This section outlines the iterative process of development we used to produce Priestley’s charts in a data driven, procedural, way. We processed the chart data using desktop GIS tools, then display the graphics and related charts using web-visualization tools.
At its core, this spreadsheet is the data behind the digital chart. Each cell represents which regimes were in power for each year, and codes are used to represent the transitions in power. There are around 140 rows (places) and 3000 columns (years).
The highlighted are represents the group Heruli, who ruled Italy from 475 - 489 C.E. The orange box above hihglights Vandals, showing the structure of the spreadsheet.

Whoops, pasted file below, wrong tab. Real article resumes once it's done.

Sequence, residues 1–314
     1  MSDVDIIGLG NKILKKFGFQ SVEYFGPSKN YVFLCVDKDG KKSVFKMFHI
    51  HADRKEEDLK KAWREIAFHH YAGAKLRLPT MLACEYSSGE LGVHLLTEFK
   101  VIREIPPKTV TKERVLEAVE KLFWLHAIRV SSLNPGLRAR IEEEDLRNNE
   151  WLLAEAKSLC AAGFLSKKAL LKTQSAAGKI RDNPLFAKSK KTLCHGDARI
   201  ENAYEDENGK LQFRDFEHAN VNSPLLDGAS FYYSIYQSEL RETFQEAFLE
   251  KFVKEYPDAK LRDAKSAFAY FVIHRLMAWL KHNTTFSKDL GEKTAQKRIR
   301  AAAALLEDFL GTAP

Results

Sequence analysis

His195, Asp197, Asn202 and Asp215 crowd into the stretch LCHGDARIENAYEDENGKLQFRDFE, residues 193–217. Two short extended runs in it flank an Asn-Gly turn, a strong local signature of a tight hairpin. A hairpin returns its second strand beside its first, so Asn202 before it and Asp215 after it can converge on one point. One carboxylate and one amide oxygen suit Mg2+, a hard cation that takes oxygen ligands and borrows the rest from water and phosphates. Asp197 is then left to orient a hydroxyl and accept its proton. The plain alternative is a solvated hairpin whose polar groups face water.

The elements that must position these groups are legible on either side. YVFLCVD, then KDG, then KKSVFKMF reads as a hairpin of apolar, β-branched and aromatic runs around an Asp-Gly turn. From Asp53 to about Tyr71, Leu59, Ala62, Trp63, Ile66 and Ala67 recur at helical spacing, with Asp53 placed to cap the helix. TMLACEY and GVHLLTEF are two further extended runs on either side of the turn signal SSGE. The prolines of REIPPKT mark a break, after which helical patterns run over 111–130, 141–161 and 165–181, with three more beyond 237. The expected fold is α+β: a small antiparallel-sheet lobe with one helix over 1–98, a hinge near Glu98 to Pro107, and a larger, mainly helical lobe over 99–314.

This image shows the same highlighed area from the spreadsheet in gis (left) and in the map (right). THe contiguous cells withthe same values are merged into polygons that represent the total amount (area, time) they ruled an area.
From the spreadsheet (CSV) the values are translated into ASCII (names to numbers). The ASCII file can be read by Esri ArcMap to become a graphical representation.
Using Python and ArcPy, the different transitions are created with the codes that determine whether the split is diagonal or vertical. The split polygons are then dissolved into the corresponding regions. This is then saved and exported to JSON, which is the format of the chart data used on the site.
The chart data is stored as distinct layers (regions, places, regimes, event lines, etc). In this image, distinct symbology emphasizes the different layer polygons.
Here you can see the finished product. The digital, procedurally created one looks a lot like the original. How neat is that?!